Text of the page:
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  1. Abstract Summary

    Computational methods to predict protein–protein interaction (PPI) typically segregate into sequence-based ‘bottom-up’ methods that infer properties from the characteristics of the individual protein sequences, or global ‘top-down’ methods that infer properties from the pattern of already known PPIs in the species of interest. However, a way to incorporate top-down insights into sequence-based bottom-up PPI prediction methods has been elusive. We thus introduce Topsy-Turvy, a method that newly synthesizes both views in a sequence-based, multi-scale, deep-learning model for PPI prediction. While Topsy-Turvy makes predictions using only sequence data, during the training phase it takes a transfer-learning approach by incorporating patterns from both global and molecular-level views of protein interaction. In a cross-species context, we show it achieves state-of-the-art performance, offering the ability to perform genome-scale, interpretable PPI prediction for non-model organisms with no existing experimental PPI data. In species with available experimental PPI data, we further present a Topsy-Turvy hybrid (TT-Hybrid) model which integrates Topsy-Turvy with a purely network-based model for link prediction that provides information about species-specific network rewiring. TT-Hybrid makes accurate predictions for both well- and sparsely-characterized proteins, outperforming both its constituent components as well as other state-of-the-art PPI prediction methods. Furthermore, running Topsy-Turvy and TT-Hybrid screens ismore »feasible for whole genomes, and thus these methods scale to settings where other methods (e.g. AlphaFold-Multimer) might be infeasible. The generalizability, accuracy and genome-level scalability of Topsy-Turvy and TT-Hybrid unlocks a more comprehensive map of protein interaction and organization in both model and non-model organisms.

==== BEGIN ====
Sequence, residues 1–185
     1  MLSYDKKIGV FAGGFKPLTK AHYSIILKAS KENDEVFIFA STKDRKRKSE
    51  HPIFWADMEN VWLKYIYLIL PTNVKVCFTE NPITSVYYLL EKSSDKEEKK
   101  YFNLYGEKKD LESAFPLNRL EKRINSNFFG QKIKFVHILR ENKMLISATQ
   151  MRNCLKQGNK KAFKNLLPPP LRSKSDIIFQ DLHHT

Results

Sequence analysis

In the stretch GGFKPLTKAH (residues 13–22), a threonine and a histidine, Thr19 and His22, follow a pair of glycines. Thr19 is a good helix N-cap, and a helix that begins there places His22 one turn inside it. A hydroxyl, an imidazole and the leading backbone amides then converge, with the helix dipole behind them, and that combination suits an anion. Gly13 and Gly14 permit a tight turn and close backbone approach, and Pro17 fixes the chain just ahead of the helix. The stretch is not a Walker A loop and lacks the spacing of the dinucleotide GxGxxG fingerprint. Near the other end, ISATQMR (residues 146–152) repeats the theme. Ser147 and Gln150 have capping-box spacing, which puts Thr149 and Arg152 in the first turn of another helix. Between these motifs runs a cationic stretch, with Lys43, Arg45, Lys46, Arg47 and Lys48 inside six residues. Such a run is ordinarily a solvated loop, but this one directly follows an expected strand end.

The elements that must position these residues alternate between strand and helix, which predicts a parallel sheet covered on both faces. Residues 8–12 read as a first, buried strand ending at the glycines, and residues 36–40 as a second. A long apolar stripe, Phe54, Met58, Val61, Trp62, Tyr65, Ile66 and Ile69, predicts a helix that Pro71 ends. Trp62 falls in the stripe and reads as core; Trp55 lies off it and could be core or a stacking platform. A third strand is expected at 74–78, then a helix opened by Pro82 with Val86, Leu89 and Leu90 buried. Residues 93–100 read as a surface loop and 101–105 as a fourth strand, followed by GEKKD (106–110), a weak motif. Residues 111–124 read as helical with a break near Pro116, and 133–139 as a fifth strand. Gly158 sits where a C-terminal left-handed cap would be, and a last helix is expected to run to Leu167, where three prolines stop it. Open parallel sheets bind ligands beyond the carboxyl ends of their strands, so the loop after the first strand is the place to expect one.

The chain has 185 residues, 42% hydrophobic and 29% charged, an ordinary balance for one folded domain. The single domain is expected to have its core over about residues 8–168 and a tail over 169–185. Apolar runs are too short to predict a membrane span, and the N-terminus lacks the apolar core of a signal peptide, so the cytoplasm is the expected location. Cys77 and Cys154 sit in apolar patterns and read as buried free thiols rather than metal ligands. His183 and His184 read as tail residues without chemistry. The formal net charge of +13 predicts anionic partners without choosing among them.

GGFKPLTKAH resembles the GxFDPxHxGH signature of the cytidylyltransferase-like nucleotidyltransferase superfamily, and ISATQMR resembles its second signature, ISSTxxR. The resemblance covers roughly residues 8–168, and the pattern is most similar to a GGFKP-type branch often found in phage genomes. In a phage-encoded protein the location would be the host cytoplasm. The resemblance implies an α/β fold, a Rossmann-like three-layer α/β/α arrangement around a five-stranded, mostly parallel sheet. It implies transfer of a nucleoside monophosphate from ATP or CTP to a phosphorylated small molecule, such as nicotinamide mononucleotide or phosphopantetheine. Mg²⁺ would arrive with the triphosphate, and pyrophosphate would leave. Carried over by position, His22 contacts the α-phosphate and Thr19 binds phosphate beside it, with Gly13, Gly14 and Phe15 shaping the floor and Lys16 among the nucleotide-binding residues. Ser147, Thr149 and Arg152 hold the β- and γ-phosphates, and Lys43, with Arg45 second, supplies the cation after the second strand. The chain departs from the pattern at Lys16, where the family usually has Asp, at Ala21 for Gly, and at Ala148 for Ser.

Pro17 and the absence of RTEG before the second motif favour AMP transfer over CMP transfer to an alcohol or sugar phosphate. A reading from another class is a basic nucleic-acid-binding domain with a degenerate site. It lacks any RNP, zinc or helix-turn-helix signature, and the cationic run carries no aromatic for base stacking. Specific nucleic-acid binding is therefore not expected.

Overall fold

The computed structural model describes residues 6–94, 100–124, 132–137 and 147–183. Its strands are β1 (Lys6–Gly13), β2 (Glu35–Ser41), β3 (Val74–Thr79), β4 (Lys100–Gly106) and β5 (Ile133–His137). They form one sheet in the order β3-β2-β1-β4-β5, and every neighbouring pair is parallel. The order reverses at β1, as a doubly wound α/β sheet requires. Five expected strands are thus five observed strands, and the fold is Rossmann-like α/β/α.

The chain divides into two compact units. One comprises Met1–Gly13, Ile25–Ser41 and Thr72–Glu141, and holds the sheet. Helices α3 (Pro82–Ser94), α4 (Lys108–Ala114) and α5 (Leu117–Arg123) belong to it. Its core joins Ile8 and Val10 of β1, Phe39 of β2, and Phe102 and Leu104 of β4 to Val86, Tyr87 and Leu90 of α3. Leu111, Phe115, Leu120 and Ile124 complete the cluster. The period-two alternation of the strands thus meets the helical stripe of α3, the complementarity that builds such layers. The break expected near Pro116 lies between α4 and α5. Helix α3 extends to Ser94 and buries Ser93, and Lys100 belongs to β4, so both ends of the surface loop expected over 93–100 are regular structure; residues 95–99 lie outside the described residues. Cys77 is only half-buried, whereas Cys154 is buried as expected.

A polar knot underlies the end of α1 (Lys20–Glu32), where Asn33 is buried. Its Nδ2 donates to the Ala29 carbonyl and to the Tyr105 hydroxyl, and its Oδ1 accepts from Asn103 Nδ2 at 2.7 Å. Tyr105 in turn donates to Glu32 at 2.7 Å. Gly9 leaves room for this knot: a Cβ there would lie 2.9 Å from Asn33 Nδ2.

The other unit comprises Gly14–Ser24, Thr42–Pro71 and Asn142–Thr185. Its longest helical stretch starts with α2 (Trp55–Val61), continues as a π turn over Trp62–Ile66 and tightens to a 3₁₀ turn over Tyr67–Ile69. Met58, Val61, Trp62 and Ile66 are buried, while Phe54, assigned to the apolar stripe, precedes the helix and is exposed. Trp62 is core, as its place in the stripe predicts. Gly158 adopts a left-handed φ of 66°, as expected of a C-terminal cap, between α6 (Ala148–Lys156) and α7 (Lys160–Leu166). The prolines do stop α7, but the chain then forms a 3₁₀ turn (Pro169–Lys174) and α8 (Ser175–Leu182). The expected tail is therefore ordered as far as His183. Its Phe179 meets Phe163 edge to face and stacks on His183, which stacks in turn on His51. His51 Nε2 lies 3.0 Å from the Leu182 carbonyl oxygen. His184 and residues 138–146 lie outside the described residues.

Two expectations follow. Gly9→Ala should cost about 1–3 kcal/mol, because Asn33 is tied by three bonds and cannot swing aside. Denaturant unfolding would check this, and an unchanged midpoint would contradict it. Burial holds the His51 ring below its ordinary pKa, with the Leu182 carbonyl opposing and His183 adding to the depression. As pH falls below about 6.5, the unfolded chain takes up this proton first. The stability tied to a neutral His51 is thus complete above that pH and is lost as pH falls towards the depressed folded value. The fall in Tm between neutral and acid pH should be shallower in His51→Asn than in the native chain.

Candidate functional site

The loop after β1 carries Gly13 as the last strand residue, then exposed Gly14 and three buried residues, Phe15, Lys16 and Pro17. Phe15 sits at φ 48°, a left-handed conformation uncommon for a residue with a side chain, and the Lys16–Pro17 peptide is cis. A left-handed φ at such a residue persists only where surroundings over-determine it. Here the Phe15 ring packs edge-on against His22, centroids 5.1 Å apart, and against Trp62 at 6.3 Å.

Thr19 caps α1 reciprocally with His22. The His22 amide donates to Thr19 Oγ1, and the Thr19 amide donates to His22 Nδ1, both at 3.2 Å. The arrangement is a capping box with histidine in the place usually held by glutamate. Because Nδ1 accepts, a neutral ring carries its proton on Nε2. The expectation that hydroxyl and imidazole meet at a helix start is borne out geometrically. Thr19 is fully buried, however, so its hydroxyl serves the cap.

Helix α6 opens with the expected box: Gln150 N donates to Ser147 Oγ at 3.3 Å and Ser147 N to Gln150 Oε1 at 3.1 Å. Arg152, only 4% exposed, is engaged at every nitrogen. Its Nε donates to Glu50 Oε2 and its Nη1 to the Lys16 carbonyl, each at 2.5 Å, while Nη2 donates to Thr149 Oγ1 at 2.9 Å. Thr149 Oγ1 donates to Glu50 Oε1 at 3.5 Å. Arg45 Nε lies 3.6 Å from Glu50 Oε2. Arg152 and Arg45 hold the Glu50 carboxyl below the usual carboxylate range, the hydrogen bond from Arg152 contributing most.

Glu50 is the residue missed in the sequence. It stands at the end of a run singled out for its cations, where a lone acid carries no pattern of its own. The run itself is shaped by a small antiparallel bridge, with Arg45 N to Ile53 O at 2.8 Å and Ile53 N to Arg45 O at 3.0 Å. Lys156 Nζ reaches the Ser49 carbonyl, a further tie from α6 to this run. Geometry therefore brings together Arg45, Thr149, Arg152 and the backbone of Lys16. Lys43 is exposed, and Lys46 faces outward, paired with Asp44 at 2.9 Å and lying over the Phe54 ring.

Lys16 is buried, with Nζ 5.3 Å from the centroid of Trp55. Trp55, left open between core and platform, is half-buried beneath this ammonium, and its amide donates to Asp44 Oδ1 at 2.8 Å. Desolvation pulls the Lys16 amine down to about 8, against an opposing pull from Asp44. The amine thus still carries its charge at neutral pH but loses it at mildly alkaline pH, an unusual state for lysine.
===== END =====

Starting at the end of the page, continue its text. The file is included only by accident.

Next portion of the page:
Availability and implementation

    https://topsyturvy.csail.mit.edu.

    Supplementary information

    Supplementary data are available at Bioinformatics online.

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  2. Abstract Motivation

    Protein function prediction, based on the patterns of connection in a protein–protein interaction (or association) network, is perhaps the most studied of the classical, fundamental inference problems for biological networks. A highly successful set of recent approaches use random walk-based low-dimensional embeddings that tend to place functionally similar proteins into coherent spatial regions. However, these approaches lose valuable local graph structure from the network when considering only the embedding. We introduce GLIDER, a method that replaces a protein–protein interaction or association network with a new graph-based similarity network. GLIDER is based on a variant of our previous GLIDE method, which was designed to predict missing links in protein–protein association networks, capturing implicit local and global (i.e. embedding-based) graph properties.

    Results

    GLIDER outperforms competing methods on the task of predicting GO functional labels in cross-validation on a heterogeneous collection of four human protein–protein association networks derived from the 2016 DREAM Disease Module Identification Challenge, and also on three different protein–protein association networks built from the STRING database. We show that this is due to the strong functional enrichment that is present in the local GLIDER neighborhood in multiple different types of protein–protein association networks. Furthermore, we introduce the GLIDER graph neighborhoodmore »as a way for biologists to visualize the local neighborhood of a disease gene. As an application, we look at the local GLIDER neighborhoods of a set of known Parkinson’s Disease GWAS genes, rediscover many genes which have known involvement in Parkinson’s disease pathways, plus suggest some new genes to study.

    Availability and implementation

    All code is publicly available and can be accessed here: https://github.com/kap-devkota/GLIDER.

    Supplementary information

    Supplementary data are available at Bioinformatics online.

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  3. Various algorithmic and statistical approaches have been proposed to uncover functionally coherent network motifs consisting of sets of genes that may occur as compensatory pathways (called Between Pathway Modules, or BPMs) in a high-throughput S. Cerevisiae genetic interaction network. We extend our previous Local-Cut/Genecentric method to also make use of a spectral clustering of the physical interaction network, and uncover some interesting new fault-tolerant modules.